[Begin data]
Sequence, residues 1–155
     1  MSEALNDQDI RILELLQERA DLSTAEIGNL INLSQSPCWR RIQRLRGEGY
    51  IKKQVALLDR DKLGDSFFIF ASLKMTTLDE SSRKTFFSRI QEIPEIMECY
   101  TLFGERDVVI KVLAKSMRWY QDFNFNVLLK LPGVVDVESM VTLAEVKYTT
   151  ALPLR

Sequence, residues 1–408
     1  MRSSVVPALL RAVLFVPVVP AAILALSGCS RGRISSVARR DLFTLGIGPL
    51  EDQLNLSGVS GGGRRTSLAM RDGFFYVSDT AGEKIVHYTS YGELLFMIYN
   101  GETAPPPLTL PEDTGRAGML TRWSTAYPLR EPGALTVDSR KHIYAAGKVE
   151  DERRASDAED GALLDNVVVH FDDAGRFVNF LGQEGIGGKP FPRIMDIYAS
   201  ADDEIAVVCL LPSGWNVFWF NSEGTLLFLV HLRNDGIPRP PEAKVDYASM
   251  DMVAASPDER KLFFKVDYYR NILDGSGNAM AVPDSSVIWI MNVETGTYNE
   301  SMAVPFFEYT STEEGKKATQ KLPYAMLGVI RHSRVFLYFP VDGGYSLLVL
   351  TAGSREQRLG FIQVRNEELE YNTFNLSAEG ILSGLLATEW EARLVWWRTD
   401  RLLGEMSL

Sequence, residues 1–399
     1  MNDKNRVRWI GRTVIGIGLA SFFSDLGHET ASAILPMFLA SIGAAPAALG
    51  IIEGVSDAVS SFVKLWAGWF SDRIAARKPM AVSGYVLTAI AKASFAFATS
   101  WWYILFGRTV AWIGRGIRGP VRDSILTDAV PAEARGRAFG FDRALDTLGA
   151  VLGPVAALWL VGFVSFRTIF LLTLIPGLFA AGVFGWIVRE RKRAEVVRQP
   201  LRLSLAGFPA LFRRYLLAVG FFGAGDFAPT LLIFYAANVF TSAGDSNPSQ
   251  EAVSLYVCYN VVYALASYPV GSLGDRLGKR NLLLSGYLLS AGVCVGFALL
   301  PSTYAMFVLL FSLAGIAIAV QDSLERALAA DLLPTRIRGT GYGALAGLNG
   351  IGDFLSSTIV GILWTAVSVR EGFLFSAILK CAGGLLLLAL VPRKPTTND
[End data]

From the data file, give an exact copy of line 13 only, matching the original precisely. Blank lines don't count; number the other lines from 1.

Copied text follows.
   301  SMAVPFFEYT STEEGKKATQ KLPYAMLGVI RHSRVFLYFP VDGGYSLLVL